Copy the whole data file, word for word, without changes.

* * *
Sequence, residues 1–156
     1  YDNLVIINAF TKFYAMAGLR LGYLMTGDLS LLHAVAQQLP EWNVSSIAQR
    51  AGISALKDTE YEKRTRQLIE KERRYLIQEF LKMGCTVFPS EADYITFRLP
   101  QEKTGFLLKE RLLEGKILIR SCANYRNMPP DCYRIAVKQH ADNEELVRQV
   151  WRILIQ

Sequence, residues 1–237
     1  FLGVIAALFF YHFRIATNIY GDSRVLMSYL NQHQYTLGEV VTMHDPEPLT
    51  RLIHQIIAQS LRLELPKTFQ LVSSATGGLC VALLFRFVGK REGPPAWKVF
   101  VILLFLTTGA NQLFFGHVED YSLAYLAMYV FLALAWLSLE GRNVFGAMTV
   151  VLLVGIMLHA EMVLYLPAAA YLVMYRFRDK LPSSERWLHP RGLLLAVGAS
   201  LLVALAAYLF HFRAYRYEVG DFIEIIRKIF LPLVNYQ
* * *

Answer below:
Sequence, residues 1–156
     1  YDNLVIINAF TKFYAMAGLR LGYLMTGDLS LLHAVAQQLP EWNVSSIAQR
    51  AGISALKDTE YEKRTRQLIE KERRYLIQEF LKMGCTVFPS EADYITFRLP
   101  QEKTGFLLKE RLLEGKILIR SCANYRNMPP DCYRIAVKQH ADNEELVRQV
   151  WRILIQ

Sequence, residues 1–237
     1  FLGVIAALFF YHFRIATNIY GDSRVLMSYL NQHQYTLGEV VTMHDPEPLT
    51  RLIHQIIAQS LRLELPKTFQ LVSSATGGLC VALLFRFVGK REGPPAWKVF
   101  VILLFLTTGA NQLFFGHVED YSLAYLAMYV FLALAWLSLE GRNVFGAMTV
   151  VLLVGIMLHA EMVLYLPAAA YLVMYRFRDK LPSSERWLHP RGLLLAVGAS
   201  LLVALAAYLF HFRAYRYEVG DFIEIIRKIF LPLVNYQ